Table 10.1 Results of lumbar puncture in inflammatory and infectious disorders of the central nervous system




Protein 15 to 60 mg/100 mL of CSF, glucose 50 to 80 mg/100 mL, cell count 0 to 5 white cells, no red blood cells

Bacterial meningitis

Elevated neutrophil count, decreased glucose concentration; protein concentration can be elevated

Viral meningitis

Elevated lymphocyte count, normal to mildly decreased glucose concentration

Noninfectious inflammatory process

Minimally elevated lymphocyte count, normal glucose concentration, mildly elevated protein concentration

Neoplasm with cerebrospinal fluid dissemination

Markedly elevated protein concentration; perform cytology on cerebrospinal fluid sample if concern exists about possible neoplasm

*Note that normal ranges will vary slightly among laboratories.

10.2.2 Abscess

An abscess will typically have a peripheral contiguous rim of enhancement and centrally will demonstrate reduced water diffusion (Fig. 10.1). When the abscess is intra-axial, there will be surrounding edematous changes. An abscess, also known as an empyema, can occur in the subdural or epidural space (Fig. 10.2), in which case it is usually secondary to conditions like sinonasal/mastoid disease or penetrating trauma, or is postoperative.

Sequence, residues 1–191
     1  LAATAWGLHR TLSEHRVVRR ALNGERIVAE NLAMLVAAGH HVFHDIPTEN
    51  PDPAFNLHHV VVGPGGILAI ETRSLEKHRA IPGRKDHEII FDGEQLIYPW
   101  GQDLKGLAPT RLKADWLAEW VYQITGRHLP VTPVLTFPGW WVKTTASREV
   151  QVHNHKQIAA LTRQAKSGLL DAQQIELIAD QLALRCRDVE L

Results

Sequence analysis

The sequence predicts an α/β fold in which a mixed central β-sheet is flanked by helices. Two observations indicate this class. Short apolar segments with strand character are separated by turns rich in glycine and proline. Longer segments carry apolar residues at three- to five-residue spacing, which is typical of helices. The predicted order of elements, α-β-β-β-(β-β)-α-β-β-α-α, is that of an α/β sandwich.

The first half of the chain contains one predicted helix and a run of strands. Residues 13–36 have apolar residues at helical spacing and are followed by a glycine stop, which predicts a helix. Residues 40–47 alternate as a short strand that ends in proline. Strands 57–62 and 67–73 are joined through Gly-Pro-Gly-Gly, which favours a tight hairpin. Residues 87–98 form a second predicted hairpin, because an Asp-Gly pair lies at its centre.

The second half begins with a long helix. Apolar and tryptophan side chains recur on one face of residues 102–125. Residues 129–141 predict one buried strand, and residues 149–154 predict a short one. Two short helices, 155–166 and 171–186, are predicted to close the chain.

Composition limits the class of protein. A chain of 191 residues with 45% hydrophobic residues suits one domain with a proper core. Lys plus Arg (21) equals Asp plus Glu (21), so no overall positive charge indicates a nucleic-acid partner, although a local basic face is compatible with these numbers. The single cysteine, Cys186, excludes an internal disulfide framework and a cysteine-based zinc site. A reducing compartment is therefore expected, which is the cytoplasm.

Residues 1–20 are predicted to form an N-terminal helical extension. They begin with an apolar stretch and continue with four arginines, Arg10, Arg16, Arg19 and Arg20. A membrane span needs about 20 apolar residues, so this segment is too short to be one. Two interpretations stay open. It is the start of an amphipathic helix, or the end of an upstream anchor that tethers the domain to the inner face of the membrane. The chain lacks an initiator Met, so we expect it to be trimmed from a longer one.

Fig. 10.1 Abscess. (a) Axial computed tomographic image of the head of a 10-year-old girl shows a round lesion (red arrowhead) with a surrounding rim of edema (red arrow). (b) Coronal fluid-attenuated inversion recovery image shows an ovoid lesion with a rim of hyperintense signal. (c) Axial ADC map shows a hypointense area centrally (red arrow) representing restricted diffusion, with a peripheral rim of hyperintense signal (red arrowhead) representing facilitated diffusion. (d) Coronal T1 W plus contrast image shows a peripheral rim of enhancement and no central enhancement. This represents an abscess with a peripheral rim of vasogenic edema.
Fig. 10.2 Pott’s puffy tumor/frontal empyema. (a) Axial computed tomographic image of the head of a 16-year-old boy with headache, fever, and new forehead swelling shows extracranial soft tissue swelling in the scalp (red arrow) and an extra-axial collection overlying the right frontal pole (red arrowhead). (b) Bone algorithm image shows a focal area of dehiscence in the outer cortex of the right frontal sinus (red arrowhead). (c) Sagittal T1 plus contrast image shows a peripherally enhancing fluid collection overlying the right frontal sinus (red arrow), representing an extracranial abscess (Pott’s puffy tumor). There is pachymeningeal thickening overlying the right frontal lobe, with focal areas of fluid collection consistent with empyemas (red arrowheads). There is also fluid within a peripherally enhancing frontal sinus (green arrowhead). (d) Axial diffusion-weighted image shows diffusion restriction within the extracranial fluid (red arrow) and intracranial collections (red arrowheads), confirming that these findings are empyemas/abscesses. The collection extends along the falx cerebri, indicating that it has a subdural component as well as a presumed epidural component.